The Persistence of LINEWORK

It’s 1 p.m. on a Saturday afternoon and there is scarcely an available seat inside Bold Bean Coffee Roasters’ Stockton St. location. Understandably so, because inside it’s the first day that Myra Oh’s mixed media linocut prints are displayed on the walls of the coffee shop. It’s also the launch of New Rose Ice Cream, an all vegan small-batch ice cream company of which Oh’s boyfriend, James Siboni, is co-founder.

Oh was introduced to the process of printmaking while attending high school in California. She made her first prints in 2001. In 2007, after moving to Jacksonville, she obtained a tattoo apprenticeship with Thomas Asher of Autograf Tattoo, put printmaking aside and dedicated herself completely to learning as much as possible about tattooing and the industry. During her formative years in California, Oh had been involved in the punk rock and hardcore music scene and it was through that community that Oh developed her interest in tattoos. Her desire to become a professional tattoo artist was formed when she was 16 years old. Oh began studying the fundamentals of American traditional tattooing, which utilized a limited, yet highly effective, color pallet with a strong foundation of black shading. Today she is an in-demand tattoo artist at Diadem Tattoo in Orange Park.

In 2014, Oh resumed printmaking. This is her first time creating and exhibiting a full series of linocuts.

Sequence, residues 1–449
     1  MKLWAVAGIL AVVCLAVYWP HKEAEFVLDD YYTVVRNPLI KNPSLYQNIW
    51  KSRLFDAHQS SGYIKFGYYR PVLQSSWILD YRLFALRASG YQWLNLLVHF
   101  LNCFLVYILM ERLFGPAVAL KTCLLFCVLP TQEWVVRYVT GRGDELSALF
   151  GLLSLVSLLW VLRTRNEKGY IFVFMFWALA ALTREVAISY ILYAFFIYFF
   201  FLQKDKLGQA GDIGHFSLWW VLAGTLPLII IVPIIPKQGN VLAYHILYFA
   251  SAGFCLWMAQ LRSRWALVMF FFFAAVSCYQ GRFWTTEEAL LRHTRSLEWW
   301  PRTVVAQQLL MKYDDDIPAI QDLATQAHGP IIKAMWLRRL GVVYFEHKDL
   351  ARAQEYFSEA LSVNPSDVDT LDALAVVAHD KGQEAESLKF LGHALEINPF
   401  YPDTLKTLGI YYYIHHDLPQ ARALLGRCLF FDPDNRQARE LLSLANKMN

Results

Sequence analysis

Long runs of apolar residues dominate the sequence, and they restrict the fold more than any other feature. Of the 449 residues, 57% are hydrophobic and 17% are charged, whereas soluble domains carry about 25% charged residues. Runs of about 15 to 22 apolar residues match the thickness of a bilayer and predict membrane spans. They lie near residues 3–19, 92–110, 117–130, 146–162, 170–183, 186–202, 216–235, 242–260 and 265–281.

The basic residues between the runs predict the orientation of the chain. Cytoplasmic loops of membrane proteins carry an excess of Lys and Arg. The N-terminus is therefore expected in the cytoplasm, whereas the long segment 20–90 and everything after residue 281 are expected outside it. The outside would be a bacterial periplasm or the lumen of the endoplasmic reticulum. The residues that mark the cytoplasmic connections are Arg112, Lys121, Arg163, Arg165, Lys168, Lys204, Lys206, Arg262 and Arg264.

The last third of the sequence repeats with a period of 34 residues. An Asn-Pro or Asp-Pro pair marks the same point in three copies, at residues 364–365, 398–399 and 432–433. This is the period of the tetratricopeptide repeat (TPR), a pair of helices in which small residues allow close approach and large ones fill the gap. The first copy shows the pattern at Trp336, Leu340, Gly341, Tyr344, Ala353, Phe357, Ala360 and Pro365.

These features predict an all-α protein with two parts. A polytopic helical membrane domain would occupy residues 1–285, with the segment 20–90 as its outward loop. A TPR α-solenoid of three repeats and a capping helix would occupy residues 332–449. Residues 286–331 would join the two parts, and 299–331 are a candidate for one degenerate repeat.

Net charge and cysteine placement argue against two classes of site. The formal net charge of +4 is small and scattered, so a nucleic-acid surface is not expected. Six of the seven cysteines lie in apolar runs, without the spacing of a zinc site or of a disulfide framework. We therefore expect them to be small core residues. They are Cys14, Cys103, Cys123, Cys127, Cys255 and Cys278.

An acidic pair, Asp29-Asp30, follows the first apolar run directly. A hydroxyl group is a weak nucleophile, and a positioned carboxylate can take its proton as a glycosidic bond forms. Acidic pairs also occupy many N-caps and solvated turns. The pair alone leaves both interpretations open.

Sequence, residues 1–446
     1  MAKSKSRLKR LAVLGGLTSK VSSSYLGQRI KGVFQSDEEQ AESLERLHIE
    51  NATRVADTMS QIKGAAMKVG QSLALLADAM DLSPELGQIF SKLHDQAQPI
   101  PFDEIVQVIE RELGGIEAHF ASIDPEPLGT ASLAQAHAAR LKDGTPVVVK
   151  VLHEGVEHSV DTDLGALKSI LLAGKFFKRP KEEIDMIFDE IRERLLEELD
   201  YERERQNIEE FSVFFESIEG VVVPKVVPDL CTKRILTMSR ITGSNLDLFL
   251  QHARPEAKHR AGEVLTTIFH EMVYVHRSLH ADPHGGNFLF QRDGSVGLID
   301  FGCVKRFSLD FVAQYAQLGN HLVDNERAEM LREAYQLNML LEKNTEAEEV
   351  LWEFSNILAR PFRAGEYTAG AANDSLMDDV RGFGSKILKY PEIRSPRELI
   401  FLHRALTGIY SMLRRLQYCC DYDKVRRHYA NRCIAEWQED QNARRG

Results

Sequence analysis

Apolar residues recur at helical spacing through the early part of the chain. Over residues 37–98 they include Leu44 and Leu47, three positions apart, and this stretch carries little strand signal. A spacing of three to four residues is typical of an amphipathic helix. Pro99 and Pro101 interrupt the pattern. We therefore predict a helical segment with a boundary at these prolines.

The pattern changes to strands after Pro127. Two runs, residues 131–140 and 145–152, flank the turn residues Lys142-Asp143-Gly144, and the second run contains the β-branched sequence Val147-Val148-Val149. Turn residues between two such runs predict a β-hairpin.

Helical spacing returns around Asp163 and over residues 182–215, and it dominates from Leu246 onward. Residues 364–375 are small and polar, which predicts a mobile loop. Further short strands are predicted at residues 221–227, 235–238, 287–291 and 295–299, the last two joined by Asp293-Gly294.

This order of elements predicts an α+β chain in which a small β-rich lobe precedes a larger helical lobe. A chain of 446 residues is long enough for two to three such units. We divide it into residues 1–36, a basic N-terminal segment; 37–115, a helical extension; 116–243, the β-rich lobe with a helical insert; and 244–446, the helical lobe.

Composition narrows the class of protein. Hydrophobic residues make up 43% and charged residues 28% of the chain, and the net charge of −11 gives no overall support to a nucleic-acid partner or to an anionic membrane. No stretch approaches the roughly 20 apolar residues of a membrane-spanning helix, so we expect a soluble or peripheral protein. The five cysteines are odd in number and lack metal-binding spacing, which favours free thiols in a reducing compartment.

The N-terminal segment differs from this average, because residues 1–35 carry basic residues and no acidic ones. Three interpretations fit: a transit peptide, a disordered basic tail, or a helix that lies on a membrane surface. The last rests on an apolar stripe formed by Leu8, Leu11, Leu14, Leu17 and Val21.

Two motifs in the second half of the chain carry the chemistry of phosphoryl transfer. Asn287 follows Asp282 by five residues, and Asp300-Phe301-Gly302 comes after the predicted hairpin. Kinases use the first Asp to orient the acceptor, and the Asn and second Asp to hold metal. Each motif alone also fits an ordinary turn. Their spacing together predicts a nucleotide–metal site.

Oh prefers linocut to woodblock prints because of the bold lines that she is able to achieve—linocuts are made from linoleum blocks—they are often easier to cut and get very crisp results from. It is fitting for Oh to unveil her first series of linocuts at Bold Bean, because boldness has been consistently present throughout her career–in her watercolor paintings and the tattoos that she creates.

This series of prints highlight how the artist merges the first medium she worked in with the medium that she is most known for. Her prints are derivative of the tattoos that she designs; they cull from images iconic to the tattoo industry—snakes, wolves, flowers and tigers—as well as Oh’s tombstones-images, often embellished with sentiments like “Let there be night” and “Forget me not,” which have become so popular that they almost serve as her calling card.

Over the course of her 10-year career as a tattooist, Oh has done a remarkable job creating an aesthetic that is identifiable to her, and that aesthetic is conveyed in her prints. But in 2014—when Oh returned to printmaking—she further honed her particular tattooing style, finding ways to make a maximum impact through limited embellishments, largely working in black and gray. 

As she refines her craft, Oh remains committed to challenging herself on her artistic journey. In 2016, she told the Cultural Council of Greater Jacksonville, “One thing I’ve learned after all these years is that I will always love producing art, but I will never be completely satisfied with the art I produce.  And that’s fine because I think it’s necessary for growth and progression.”

And for those close, curious readers: The black coffee ice cream with chocolate sprinkles and a toasted marshmallow is a strong recommendation to keep a look out for New Rose’s next pop up event (follow their Instagram for announcements).

MYRA OH’S work displays through December at Bold Bean Coffee Roasters, 869 Stockton St., Riverside,